Objective: To compare the efficacy, tolerability, and cosmetic outcome of photodynamic therapy (PDT) using topical methyl aminolevulinate with cryotherapy or topical fluorouracil for treatment of squamous cell carcinoma in situ.
Design: Randomized, placebo-controlled study, with follow-up at 3 and 12 months after last treatment.
Setting: Forty outpatient dermatology centers in 11 European countries.
Patients: Random sample of 225 patients with histologically confirmed squamous cell carcinoma in situ (lesion size, 6-40 mm) and no evidence of progression.
Interventions: Treatment with PDT with methyl aminolevulinate (160 mg/g; n = 96) or matching placebo cream (n = 17), cryotherapy (n = 82), or topical fluorouracil (5% cream; n = 30). Methyl aminolevulinate or placebo cream was applied for 3 hours before illumination with broadband red light (75 J/cm2, 570-670 nm). Treatment was repeated 1 week later. Cryotherapy was performed with liquid nitrogen spray. Fluorouracil was applied for 4 weeks. Lesions with a partial response at 3 months were re-treated.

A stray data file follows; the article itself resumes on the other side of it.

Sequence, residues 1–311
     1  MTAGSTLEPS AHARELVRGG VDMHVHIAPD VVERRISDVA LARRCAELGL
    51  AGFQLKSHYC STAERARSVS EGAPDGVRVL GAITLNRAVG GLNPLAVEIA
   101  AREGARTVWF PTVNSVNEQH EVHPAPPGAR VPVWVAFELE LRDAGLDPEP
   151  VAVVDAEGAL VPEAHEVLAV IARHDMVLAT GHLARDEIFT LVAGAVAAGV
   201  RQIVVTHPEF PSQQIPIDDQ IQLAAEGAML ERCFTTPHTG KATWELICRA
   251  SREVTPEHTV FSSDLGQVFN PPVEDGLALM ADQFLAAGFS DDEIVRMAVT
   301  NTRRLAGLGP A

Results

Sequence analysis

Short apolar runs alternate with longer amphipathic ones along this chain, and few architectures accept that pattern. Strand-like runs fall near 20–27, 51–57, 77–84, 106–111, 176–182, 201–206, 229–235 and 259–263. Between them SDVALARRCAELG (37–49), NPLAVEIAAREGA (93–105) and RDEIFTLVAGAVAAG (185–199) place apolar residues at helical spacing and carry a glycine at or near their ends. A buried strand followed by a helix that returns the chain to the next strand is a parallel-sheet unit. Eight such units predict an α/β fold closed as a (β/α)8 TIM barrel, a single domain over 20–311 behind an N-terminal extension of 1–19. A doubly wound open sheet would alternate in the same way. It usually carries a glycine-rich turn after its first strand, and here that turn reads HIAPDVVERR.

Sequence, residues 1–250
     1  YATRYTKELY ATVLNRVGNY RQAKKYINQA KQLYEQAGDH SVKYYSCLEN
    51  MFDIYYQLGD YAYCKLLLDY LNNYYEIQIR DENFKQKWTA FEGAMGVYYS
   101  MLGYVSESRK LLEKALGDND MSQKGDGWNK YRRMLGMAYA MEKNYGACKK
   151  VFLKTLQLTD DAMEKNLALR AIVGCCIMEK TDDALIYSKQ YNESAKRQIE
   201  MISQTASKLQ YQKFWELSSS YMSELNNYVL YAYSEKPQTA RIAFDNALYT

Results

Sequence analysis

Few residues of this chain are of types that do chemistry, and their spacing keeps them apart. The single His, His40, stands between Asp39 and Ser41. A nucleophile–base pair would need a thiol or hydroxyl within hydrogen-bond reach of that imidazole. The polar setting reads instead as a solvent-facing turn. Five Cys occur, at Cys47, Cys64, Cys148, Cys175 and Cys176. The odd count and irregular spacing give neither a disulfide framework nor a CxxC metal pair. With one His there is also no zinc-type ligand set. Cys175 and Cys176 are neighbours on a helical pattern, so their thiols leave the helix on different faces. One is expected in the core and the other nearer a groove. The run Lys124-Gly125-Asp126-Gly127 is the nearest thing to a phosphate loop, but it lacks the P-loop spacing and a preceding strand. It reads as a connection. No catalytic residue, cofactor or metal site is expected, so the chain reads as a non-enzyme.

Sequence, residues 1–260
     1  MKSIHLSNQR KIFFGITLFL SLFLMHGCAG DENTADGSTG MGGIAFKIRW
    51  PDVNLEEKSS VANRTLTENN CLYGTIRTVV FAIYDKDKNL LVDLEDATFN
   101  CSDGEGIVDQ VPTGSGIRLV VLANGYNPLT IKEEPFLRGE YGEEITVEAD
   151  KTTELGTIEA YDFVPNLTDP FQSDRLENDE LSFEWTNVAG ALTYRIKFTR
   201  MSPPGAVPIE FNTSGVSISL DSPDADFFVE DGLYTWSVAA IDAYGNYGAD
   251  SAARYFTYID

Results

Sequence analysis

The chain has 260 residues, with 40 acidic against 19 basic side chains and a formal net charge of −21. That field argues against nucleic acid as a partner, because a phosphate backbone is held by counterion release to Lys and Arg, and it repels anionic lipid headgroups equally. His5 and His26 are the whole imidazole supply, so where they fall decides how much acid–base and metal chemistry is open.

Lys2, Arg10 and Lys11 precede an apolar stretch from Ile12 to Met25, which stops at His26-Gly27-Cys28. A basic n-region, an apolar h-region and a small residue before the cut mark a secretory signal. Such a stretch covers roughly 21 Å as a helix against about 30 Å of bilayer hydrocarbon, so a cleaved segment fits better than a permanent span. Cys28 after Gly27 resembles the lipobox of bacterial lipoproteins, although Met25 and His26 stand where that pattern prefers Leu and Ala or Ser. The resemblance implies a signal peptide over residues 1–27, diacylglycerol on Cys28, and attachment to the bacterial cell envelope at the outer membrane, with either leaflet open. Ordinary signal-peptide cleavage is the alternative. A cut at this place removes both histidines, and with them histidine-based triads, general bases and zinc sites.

Main outcome measures: Clinically verified complete response of lesions; blinded and on-site assessment of cosmetic outcome (4-point rating scale).
Results: At 12 months, the estimated sustained lesion complete response rate with methyl aminolevulinate PDT was superior to that with cryotherapy (80% vs 67%; odds ratio, 1.77; 95% confidence interval, 1.01-3.12; P = .047), and better than that with fluorouracil (80% vs 69%; odds ratio, 1.64; 95% confidence interval, 0.78-3.45; P = .19). Cosmetic outcome at 3 months was good or excellent in 94% of patients treated with methyl aminolevulinate PDT vs 66% with cryotherapy and 76% with fluorouracil, and was maintained at 12 months.
Conclusion: Methyl aminolevulinate PDT is an effective treatment option for squamous cell carcinoma in situ, with excellent cosmesis.